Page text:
The number of Coronavirus infections on the Isle of Wight "decreased really rapidly" after the launch of the track and trace app, according to data.
Researchers at Oxford University’s Nuffield Department of Medicine found that the R value, the number of people that a single infected person will go on to infect, dropped on the island more rapidly than 150 other councils after the launch of the scheme.
Senior Researcher at the Nuffield Department of Medicine, Dr Michelle Kendall, said: “We found that the incidence – the number of new infections in the Isle of Wight began high and decreased really rapidly… after the test and trace launch.”
The government's pilot test, trace and isolate programme (TTI) began trials on the island on May 5.
But the NHS-led contact tracing app was scrapped due to problems with getting it to work on iPhones.
The NHS is now building a new version based on a model developed by Apple and Google, which is not expected to be ready before the winter.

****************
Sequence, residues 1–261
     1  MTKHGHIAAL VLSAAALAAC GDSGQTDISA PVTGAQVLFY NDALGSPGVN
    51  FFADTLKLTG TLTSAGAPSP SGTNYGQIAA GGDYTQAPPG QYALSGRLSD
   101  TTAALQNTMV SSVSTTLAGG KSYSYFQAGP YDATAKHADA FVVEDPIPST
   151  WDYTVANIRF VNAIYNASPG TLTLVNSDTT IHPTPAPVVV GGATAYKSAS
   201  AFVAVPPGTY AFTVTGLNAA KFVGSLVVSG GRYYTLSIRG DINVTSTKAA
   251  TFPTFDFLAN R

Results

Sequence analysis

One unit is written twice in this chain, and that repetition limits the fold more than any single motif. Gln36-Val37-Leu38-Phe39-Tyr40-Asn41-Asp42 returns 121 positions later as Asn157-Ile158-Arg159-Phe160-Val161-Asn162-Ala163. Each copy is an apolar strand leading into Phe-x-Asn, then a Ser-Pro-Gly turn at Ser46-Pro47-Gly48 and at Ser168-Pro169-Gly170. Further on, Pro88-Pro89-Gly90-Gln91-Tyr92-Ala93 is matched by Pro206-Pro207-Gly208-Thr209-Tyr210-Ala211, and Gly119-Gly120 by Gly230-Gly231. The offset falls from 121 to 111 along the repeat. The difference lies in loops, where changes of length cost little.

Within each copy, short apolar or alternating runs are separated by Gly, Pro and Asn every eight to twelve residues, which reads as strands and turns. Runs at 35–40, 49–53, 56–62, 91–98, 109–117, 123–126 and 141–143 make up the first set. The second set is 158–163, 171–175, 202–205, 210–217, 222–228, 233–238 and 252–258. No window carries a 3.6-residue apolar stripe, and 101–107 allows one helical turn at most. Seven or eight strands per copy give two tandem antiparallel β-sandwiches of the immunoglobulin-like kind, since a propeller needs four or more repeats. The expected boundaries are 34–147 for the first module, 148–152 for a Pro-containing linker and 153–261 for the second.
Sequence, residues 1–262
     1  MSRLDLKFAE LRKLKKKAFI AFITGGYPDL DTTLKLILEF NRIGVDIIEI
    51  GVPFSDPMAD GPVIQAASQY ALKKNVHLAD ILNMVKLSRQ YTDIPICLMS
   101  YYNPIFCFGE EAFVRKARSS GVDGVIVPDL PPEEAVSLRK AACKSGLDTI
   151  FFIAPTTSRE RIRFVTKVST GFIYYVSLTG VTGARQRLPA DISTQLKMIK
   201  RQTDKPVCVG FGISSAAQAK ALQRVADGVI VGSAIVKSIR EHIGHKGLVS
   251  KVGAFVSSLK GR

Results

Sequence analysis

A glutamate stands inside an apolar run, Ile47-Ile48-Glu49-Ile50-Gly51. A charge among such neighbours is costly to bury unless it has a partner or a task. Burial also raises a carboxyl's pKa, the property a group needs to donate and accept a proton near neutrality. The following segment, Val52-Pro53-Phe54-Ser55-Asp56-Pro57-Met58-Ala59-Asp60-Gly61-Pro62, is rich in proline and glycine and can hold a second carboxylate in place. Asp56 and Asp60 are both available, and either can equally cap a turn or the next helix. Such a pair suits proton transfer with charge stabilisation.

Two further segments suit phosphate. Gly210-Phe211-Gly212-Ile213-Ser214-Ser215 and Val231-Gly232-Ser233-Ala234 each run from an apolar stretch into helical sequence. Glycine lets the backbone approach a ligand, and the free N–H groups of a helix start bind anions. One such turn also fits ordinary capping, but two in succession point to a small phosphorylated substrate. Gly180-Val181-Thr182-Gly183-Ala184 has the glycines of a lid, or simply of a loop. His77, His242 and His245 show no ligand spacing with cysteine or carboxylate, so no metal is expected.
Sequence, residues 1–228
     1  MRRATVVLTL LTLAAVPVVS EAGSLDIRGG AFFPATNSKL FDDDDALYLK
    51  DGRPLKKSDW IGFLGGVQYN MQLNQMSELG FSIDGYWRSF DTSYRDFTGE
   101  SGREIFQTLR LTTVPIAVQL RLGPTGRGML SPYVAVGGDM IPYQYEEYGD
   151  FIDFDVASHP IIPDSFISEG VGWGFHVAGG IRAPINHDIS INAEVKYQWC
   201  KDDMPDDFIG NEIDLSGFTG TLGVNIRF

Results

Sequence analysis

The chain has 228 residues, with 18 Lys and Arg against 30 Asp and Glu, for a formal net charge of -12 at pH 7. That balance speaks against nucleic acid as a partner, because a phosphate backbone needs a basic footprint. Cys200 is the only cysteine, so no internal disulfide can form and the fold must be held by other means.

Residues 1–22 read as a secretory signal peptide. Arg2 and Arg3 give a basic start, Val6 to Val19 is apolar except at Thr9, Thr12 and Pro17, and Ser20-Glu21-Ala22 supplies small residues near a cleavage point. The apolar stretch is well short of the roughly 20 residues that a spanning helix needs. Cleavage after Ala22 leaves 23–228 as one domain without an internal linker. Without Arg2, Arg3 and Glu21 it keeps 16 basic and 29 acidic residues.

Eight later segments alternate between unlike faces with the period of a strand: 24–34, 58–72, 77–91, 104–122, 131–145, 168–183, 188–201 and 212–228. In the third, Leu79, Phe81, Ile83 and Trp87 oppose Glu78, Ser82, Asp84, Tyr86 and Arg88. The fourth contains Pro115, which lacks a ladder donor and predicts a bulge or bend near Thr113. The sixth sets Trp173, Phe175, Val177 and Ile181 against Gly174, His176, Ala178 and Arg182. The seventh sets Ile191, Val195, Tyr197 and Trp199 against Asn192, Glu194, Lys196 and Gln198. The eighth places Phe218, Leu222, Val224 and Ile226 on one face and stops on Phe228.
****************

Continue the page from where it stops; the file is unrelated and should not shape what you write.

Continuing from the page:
Before the system was launched, the Isle of Wight had one of the highest rates of infection in the world, the researchers said.
But over the length of the trial, the R value dipped from 1 in early May to around 0.25 by May 23.
This meant the island went from having one of the highest rates of infection (147th out of the 150 council areas) to one of the lowest (10th out of 150), they said.
Dr Kendall said she and her team could not rule out other causes that could have led to the drop in infection rates but added: “The timing really points to the test and tracelaunch having a positive effect.”
The scientists believe their findings could help experts and health officials stay on top of local outbreaks by helping to spot trends in localised incidence and R rates.
The Isle of Wight’s TTI programme was led by the NHS app, which used Bluetooth connections on smartphones to record when people came close enough to be at the risk ofbecoming infected.
The researchers found that between May 6 and May 26, 1,524 people reported their symptoms via the app, which resulted in 1,188 receiving notifications of possible exposure to coronavirus.
The scheme also saw 160 people test positive and 163 people being contacted by human contact tracers and told to self-isolate, during that period.
Senior researcher and one of the authors of the report, Dr David Bonsall said he was disappointed that a contact tracing app is yet to be released in the UK.
He added: “There have been a number of extraneous delays to testing in the UK that are now resolved and so the app that is being developed can integrate better – better than itwas possible to do in the trial that was launched in the Isle of Wight.